top of page

The Nut Business

Overview of Almond Nut Farm

Almonds, hazelnuts, walnuts. Take your pick; producers are struggling with all of them these days. The bottom line is this: the 21st century has not been kind to the industry, according to USDA data. And that leaves some landowners with questions about whether they still have a viable path forward with tree nuts.

This is the sentence in a recent USDA report that sums up the trouble: “In 2022, tree nut prices fell to their lowest levels in at least two decades.”

Industries across most sectors (all sectors?) have dealt with higher rates of inflation, increased input costs, supply chain challenges and consumer behavior disruptions since COVID-19 struck the United States.

But segments of the nut industry have suffered more than many.

Historic Nut Pricing 2000-2022

RELATED: You can find additional USDA charts on nuts’ performance here.

Almonds suffered the steepest fall in terms of dollars per pound after peaking in 2014. Hazelnuts bounced up and down since 2000 but have now retreated to price levels from around the turn of this century. Walnuts briefly surpassed hazelnuts in 2011 and remained higher for three years. But they’ve since plummeted to a record low.

RELATED: New York Tree Crops Alliance works to expand hazelnut industry in the region. Read Lancaster Farming’s report here.

The USDA report on walnuts’ recent downfall included this:

“Prior to 2020, the lowest real walnut price recorded was $0.58 per pound in 1999. In 2022, walnut prices were less than half of the previous record low and 14 percent of the high observed in 2013 ($1.82 per pound). Low prices have affected walnut producers’ production decisions. In September 2023, USDA’s National Agricultural Statistics Service forecast that 2023 would be the first year since 1999 that walnut-bearing acreage decreased. Acreage in California, the country’s leading walnut producer, was estimated to have dropped from 400,000 acres in 2022 to 385,000 acres in 2023 and was revised further downward to 375,000 acres in October 2023. Producers have not reduced bearing acreage for almonds or hazelnuts, but prices have decreased since 2014. The decision to reduce acreage stems not only from grower prices but also from a series of conditions growers face that include weather, prices of inputs, and competition from other exporting countries.”

But reducing acreage hasn’t been enough to push prices back up. Production has increased on that reduced acreage. The USDA report found that:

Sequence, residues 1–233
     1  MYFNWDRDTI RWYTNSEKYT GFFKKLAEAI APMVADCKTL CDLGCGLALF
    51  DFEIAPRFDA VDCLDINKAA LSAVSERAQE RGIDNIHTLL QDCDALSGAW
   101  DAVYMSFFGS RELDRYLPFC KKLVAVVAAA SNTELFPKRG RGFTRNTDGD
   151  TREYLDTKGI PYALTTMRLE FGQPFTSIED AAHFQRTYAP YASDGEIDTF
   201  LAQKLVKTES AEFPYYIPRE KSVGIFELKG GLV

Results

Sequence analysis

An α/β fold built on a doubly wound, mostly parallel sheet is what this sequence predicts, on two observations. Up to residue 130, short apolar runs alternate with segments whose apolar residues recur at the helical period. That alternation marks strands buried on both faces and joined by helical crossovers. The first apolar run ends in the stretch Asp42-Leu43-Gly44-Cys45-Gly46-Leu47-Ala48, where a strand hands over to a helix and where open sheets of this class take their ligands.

“Despite the forecast reduction in acreage, walnut production is expected to increase by 5 percent, tying the record-breaking 790,000 tons produced in 2020. High levels of production can be attributed to increases in the average number of trees per bearing acre (which has increased steadily over time and is up another 1.5 percent from 2022) and favorable weather. Cool winter temperatures and a wet spring contributed to a 9 percent increase in yields, from 1.88 tons/acre in 2022 to 2.05 tons per acre in 2023.”

Production in China impacts potential markets for U.S. produced nuts. So do trade tariffs imposed by the United States. Here is a breakdown by Pacific Nut Producer.

Food & Wine offers a perspective that some landowners made the decision to increase U.S. nut production because of consumers’ demands for healthier options. That created what the article described as the “nut glut,” as producers committed to up supplies to meet anticipated consumers’ demand for Paleo diets and a preference for almond milk. The article came out in 2020 but lays out one aspect of what created an oversupply in the U.S. Read that here.

RELATED: Here is the full USDA report on the state of the nut industry, which provides a deeper explanation for what is happening. Read the USDA’s Fruit and Tree Nuts Outlook here.


American Farmland Owner Hayfields mountains


Subscribe to Where Landowners Get Their News® and be the first aware of agricultural insights, analysis, and in-depth interviews.


Thanks for submitting!

bottom of page